Criminals were hampered for a time by the 'CATPTCHA' protocol, intended to prevent non-human 'information-trawls' by automated software. Most folk are familiar with having to read some 'wonky' letters and being asked to type them into a box exactly as seen....blah.....The Crims then got on to their 'Porno-Pic & Gambling' racket fellow travellers.....and divert the 'CAPTCHA' at the speed of light to some unsuspecting 'punter' who promptly types in the 'wonky' letters just in time for the 'hacker' software program to download all the details. "The Man in the Middle Attack"...tut tut.

We have been working on some very neat solutions.... but the best of them require that Registered Snail-Mail...sets up the security protocol. You have to ensure the criminal 'Gives Up'.....The way to do this is [a] make it very hard for him/her, [b] make the probability of detection very high and costly to the crim.

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Anonymous Poster
#28

Re: Fiber Optic Spying: Newsletter Challenge (12/05/06)

12/06/2006 5:06 AM

There is still another option here. So far the discussion has neglected the other end of the cable: the phone company side. There are often junction boxes which are very accessible to alternative entry and usage. The clever operator may even be able to direct the signal back to the friend's line without detection.

Someone at the phone company could also be bribed.

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#29

Re: Fiber Optic Spying: Newsletter Challenge (12/05/06)

12/06/2006 5:54 AM

Fiber optic networks have enormous bandwidths, far greater than any individual building would need. To utilize the network efficiently it is organized in a fashion similar to Ethernet where every packet of data that a particular machine or node receives or transmits being broadcast over that particular subnet. Now if both you and your neighbor both have fiber connections to your houses then it's a pretty safe bet that you will be connected to the same subnet.

This all means that the packets of information being sent to and transmitted by your neighbors phone will be broadcast over the same subnet you are connected to. That means if you had the appropriate equipment you could monitor this traffic without being detected. The easy bit is the interception part, the hard bit would be knowing how to decode the data as it could use some very complex encryption algorithms.

The upshot is if you have the equipment you don't even need to go out of the front door of your house to tap the phone in the house next door.

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#30

Re: Fiber Optic Spying: Newsletter Challenge (12/05/06)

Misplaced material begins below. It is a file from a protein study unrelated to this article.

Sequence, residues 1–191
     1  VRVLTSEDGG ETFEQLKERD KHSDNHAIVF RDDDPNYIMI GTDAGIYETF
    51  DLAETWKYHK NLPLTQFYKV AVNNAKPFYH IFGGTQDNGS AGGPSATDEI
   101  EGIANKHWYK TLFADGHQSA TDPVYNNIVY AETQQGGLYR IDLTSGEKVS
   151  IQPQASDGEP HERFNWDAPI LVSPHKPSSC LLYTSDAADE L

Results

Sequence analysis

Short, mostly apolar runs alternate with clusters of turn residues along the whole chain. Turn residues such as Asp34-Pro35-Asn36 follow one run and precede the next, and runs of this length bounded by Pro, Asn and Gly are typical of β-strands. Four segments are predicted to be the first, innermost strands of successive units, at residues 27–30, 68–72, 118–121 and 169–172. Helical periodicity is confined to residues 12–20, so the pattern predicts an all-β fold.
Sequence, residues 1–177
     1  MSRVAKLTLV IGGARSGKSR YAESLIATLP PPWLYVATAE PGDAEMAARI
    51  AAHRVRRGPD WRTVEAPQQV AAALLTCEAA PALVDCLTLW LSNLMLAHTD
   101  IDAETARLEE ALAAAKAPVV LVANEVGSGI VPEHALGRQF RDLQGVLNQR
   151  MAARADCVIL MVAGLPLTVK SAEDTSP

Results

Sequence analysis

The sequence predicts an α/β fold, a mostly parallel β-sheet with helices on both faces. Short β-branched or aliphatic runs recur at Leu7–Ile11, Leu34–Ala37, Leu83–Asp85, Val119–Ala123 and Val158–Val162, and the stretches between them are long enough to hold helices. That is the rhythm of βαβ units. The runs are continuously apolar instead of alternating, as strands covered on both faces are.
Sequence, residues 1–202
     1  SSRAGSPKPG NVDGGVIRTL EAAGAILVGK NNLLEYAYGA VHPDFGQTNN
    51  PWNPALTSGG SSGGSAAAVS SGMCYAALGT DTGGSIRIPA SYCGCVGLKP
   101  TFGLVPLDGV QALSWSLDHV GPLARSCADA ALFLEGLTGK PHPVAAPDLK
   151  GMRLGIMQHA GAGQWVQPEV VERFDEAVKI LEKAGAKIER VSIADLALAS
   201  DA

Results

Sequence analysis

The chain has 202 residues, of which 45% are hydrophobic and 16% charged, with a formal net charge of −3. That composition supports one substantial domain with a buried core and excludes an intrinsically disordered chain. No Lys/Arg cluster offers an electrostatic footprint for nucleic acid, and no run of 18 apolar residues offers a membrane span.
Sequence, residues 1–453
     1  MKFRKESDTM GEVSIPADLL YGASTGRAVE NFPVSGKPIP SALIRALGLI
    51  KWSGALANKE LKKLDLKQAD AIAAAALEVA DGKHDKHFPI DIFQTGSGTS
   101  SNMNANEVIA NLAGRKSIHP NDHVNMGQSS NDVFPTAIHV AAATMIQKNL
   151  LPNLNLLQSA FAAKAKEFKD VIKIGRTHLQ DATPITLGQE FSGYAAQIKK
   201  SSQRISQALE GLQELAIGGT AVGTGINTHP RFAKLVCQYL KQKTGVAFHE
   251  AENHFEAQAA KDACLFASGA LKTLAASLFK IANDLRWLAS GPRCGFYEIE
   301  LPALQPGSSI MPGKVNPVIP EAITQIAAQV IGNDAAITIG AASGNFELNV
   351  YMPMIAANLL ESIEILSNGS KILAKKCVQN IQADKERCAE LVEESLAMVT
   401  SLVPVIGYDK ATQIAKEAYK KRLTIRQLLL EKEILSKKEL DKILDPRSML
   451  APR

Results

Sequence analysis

12/06/2006 8:02 AM

One method of snooping on fiber optic cables is to remove a section of the protective cover and run a strand of similar fiber optic material next to the strand to be monitored. A small amount of light will transfer and that can then be monitored with suitable equipment. An alternative approach is to access the wire to F/O box and install a transmitter tapped into the wires prior to the conversion. The third method is to use a radio receiver tuned to the clock frequency of the audio to light encoder and decode the signal. This method works well enough that the government demands extra shielding on much of the communications hardware.

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Anonymous Poster
#33

Re: Fiber Optic Spying: Newsletter Challenge (12/05/06)

12/06/2006 9:03 AM

While the phone service to the home is fiber, the "Smart Jack", usually on the outside of the house, is normally copper wire (Cat 3 or Cat 5). With the proper handset (or just another phone if Cat 3), you can plug into the Smart jack and hear all.

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#34

Re: Fiber Optic Spying: Newsletter Challenge (12/05/06)

12/06/2006 9:57 AM

Once again the challenge has asked for an answer that while possible is totally impractical. Sure you could dig up the cable, manipulate it so you pick up on some transmission loss, and record/convert the data into speech. But think about it. There you are, digging a hole in a neighbors yard, stripping a cable, and hooking up some equiptment to at least record the data so you can convert it later. Dont you think someone might notice you? Same thing goes for tapping into a junction box where the fiber/copper transition takes place...dont you think you'd get noticed standing out there with a handset listening in?

Picking up in the emf in the room sounds interesting, assuming you can filter out all the background noise. But, assuming you could get in the house to plant detection devices, why not just bug the telephone recciver and be done with it (then you wont have to go through the trouble of decoding the signal, since you'll be capturing the converted speech)

Bouncing a laser off the window will probably only get you half of the conversation (the neighbors voice)